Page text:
View from one of the three railroad bridges spanning the creek within my preserve
A rock cut
The railroad builders in 1876 took full advantage of the creek's erosive action and placed the rail-bed as close to the creek as they could to avoid cutting and filling.  But, in some places, steep rocks sloped sharply down to the creek and the builders couldn't avoid making cuts.  There are at least four such rock cuts in my preserve, including one where a horrendous head-on collision occurred in 1921 that killed 27 people.  That rock cut is known as "Death Gulch."

There are also several stone quarries alongside the railroad line, including one very impressive quarry with a sheer wall at least 60 feet high with plenty of huge boulders at the foot.  Rock climbers have long begged us for permission to climb there (we've always turned them down, reasoning that rock climbing is incompatible with our mission as a natural area).  Now that the trail conversion has begun, I'm getting reports that climbers are drilling holes in the rocks in order to set climbing screws, and people are using the large rocks at the bottom of the face for bouldering.  This is only the beginning of the types of intrusions that are sure to increase.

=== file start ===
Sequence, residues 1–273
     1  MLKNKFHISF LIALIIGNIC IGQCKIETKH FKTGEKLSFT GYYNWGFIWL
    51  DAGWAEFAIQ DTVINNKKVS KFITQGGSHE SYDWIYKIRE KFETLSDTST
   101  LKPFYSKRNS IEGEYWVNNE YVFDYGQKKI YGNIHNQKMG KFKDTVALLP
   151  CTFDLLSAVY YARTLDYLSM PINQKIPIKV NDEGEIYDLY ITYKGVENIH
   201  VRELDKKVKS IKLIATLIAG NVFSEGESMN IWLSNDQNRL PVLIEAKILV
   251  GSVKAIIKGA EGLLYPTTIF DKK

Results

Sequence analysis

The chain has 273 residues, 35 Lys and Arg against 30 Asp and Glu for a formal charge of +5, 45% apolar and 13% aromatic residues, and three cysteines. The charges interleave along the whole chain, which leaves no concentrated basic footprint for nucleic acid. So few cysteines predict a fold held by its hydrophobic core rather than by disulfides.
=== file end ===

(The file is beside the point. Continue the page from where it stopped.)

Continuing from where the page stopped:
A slow stretch of the creek from the vantage of another railroad bridge
As Kali and I neared the end of our return walk, I looked over to the east and noticed the buck in the image above.  He was about 200 feet from the rail line and wasn't perturbed at all by our presence (though deer are hunted in our preserve).  As we watched him for a minute, I noticed why he wasn't running off - a doe was slightly upslope and 50 feet away.  I think he had amorous intent.  As she moved away, browsing all the while, he never let her get very far ahead of him.
Late afternoon sun glinting on the creek
The trail is set to open officially late next summer (2015).  Since I intend to retire in May 2018, I'll have 2-1/2 years to deal with the repercussions of/enjoy the trail.